A battle for road space is underway in Glasgow. In the last year, many roads have been changing as the space allocated to different ways of transport. 

The increase in cycling over lockdown has corresponded with an increase in cycle lanes across Glasgow.

The increase in cycle lanes has corresponded with an increase in the volume of people who are against having cycle lanes.

Petitions have been started to have recently installed cycle lanes ripped out and the road put back the way it was.

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Some of the arguments include that it is leading to an increase in congestion and pollution and that it is putting safety at risk at some locations.

Cyclists causing congestion? Cyclists causing pollution? Cyclists making roads more dangerous?

It has also led to the repeating of the argument that cyclists should pay ‘road tax’. And that because cyclists don’t pay ‘road tax’ there should not be public money spend on accommodating cyclists more safely on the roads.

There is however one very good reason why cyclists don’t pay road tax.

Glasgow Times:

And it is, of course, that it does not exist. There is no such think as road tax. There hasn't been such thing as road tax for decades.

Car drivers, of which a large number of cyclists are too, also do not pay road tax. For the same reason, that it does not exist.

Car owners, pay Vehicle Excise Duty and it is based on the emissions rating of the car. Nothing to do with how much of the road you use when you drive on it and nothing to do with how many miles you drive or what roads you drive on.

For cars registered before 2017 here are 13 bands of Vehicle Excise Duty and if your car is in the lowest band, the ones where the emissions are zero then the amount of Vehicle Excise Duty you pay is zero pounds.

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Newer cars pay a flat rate of £140 a year.

The list of zero VED cars includes many popular cars like some Nissan Qashqais, Vauxhall Astras, VW Golfs and Citroen Picassos and it also includes the growing number of electric cars.

So going on the anti-cycling lobby argument that if you don’t pay for the roads, you shouldn’t be on them, these cars should not be allowed on the road either.

Glasgow City Council spends around £50m a year on the maintenance and repairs of roads and lighting in the city.

Glasgow Times:

It does not come from Vehicle Excise Duty.

It comes instead from the general pot of money the council raises from council tax and what it receives from the Scottish Government.

Glasgow City Council raises £309m in council tax and around £40 a year, on average, from each of the city’s council tax-payer goes on roads and lighting.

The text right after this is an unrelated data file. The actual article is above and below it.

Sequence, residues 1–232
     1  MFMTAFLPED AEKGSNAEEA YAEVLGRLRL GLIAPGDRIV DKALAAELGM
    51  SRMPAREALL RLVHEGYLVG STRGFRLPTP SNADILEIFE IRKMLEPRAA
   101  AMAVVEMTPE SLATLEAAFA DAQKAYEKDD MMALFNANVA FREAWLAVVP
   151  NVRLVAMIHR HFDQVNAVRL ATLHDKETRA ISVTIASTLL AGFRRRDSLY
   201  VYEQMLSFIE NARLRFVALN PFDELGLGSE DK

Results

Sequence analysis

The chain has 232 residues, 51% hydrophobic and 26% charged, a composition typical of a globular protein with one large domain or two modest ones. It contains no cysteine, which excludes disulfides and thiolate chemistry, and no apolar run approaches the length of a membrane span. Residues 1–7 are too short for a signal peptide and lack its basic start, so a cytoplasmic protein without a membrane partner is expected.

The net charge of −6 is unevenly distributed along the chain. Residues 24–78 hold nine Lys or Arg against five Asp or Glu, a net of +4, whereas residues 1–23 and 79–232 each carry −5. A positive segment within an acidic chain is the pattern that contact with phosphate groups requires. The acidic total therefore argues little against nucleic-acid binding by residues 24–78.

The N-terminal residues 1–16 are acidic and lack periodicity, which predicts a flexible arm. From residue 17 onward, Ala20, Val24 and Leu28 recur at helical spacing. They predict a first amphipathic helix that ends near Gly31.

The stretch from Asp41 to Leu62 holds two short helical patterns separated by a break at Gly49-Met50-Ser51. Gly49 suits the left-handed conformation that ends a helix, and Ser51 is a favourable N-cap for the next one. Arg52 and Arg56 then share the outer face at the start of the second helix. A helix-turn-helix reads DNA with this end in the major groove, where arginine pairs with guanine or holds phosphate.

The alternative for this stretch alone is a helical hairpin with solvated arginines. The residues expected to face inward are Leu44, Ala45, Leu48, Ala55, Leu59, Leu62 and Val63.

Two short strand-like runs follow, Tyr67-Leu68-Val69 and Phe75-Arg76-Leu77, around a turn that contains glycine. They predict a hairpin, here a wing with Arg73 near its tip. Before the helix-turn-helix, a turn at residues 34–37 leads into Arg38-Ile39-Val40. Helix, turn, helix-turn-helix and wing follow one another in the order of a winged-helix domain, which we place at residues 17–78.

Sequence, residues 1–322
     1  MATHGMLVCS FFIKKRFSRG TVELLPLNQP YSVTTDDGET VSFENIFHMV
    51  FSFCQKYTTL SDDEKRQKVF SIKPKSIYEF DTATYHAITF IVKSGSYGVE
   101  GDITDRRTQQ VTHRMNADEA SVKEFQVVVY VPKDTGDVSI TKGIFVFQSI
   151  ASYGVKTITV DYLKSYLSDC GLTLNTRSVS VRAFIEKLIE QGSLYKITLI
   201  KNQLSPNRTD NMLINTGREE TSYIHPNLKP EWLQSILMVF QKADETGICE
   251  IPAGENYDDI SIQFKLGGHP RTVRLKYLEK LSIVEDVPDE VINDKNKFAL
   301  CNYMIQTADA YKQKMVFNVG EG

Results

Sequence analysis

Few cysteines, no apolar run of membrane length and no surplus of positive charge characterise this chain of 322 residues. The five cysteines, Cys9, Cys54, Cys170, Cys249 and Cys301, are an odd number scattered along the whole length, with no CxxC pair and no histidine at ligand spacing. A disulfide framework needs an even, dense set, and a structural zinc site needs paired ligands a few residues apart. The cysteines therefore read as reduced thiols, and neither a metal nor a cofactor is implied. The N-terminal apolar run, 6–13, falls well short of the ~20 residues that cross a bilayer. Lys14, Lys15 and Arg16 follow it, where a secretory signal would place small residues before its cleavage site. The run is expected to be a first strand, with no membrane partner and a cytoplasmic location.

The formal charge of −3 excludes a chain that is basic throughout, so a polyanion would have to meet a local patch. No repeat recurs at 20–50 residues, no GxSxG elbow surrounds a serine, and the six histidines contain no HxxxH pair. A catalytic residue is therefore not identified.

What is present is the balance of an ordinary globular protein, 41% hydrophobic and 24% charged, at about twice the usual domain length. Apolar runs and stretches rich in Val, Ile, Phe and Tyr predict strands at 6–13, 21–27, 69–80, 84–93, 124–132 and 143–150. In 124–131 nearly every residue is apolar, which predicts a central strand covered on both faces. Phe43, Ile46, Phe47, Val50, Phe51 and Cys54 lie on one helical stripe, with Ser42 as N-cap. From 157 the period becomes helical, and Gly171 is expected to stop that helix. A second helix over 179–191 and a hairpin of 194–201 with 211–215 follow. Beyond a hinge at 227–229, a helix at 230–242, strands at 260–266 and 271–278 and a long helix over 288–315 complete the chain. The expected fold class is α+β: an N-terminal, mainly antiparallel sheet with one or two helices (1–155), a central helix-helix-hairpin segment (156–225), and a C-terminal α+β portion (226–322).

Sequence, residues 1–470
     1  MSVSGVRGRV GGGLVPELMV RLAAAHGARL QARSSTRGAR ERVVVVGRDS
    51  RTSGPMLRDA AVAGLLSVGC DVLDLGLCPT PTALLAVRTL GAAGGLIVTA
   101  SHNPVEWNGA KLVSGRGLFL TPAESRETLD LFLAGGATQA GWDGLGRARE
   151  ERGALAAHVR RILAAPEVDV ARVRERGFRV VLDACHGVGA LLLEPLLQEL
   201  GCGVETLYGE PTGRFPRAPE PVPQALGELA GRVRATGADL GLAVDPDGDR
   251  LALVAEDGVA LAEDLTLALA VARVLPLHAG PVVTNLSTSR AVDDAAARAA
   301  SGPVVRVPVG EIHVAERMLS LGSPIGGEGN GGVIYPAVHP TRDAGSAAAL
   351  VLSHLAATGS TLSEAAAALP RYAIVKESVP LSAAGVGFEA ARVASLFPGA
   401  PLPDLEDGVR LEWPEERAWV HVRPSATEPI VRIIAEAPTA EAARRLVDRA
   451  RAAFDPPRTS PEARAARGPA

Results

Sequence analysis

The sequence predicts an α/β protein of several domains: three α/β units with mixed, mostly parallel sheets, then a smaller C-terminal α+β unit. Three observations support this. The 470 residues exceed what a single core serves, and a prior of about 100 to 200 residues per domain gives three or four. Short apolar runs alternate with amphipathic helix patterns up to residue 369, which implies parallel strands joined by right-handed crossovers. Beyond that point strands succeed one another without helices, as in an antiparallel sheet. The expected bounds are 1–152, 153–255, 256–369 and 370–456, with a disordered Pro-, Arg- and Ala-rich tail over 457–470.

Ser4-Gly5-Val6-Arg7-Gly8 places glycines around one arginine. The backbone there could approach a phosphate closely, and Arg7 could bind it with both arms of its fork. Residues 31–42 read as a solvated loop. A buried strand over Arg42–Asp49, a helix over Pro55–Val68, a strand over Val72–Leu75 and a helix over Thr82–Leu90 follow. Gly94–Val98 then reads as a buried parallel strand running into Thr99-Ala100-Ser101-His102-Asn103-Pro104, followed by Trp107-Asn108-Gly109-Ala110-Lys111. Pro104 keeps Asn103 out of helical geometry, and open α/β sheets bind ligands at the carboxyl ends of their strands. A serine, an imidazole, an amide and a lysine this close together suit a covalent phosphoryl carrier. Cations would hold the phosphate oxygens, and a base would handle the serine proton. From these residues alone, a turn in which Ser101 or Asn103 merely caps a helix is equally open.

Cyclists, if they are householders in Glasgow, are therefore contributing as much to roads through council tax as anyone else.

Most of the cash allocated to the council around £1000m comes from Government grants and a share of non-domestic rates.

The Scottish Government gets its money from what it raises in tax and also what it gets from the UK Government in block grant and additionally in Barnet consequentials, a proportion from any extra spending on areas like health and education in England by the UK Government.

The UK government does collect vehicle Excise Duty. But it is not for spending on the roads. It is instead just another one of the many ways the government has of raising money from the population.

Councils, which are responsible for roads maintenance, do not get a proportionate share of Vehicle Excise Duty.

The UK government collects around £6bn a year in Vehicle Excise Duty. The money is used to pay for general public services and is just as likely to be spent on defence, the NHS or building railways as it is for roads.

To suggest that Vehicle Excise Duty, which is a tax on owning a car, pays for roads because that is where you drive them, is like saying the tax paid on alcohol pays for pubs, because that is where you drink it, and therefore people who are do not drink alcohol shouldn’t be allowed in pubs.

More and more people are cycling. It has to be good to the population’s health and for the environment.

They need to be encouraged and facilitated. The roads are spaces for all users, cars, buses, motorcycles, commercial vehicles and yes bicycles.

Some cyclists need to behave better on the roads, like stopping at red lights and taking care when on the many pavements that are shared with pedestrians.

Glasgow Times:

Equally, many drivers need to ensure they give cyclists the space they need and not close pass and be aware when making turns.

And parking on cycle lanes has to be treated the same way as parking on double yellows or zig zags.

Cyclists are here to stay and there will continue to be cars on our roads.

They are all going to have to co-exist on roads that are designed in a way that allows everyone to travel safely.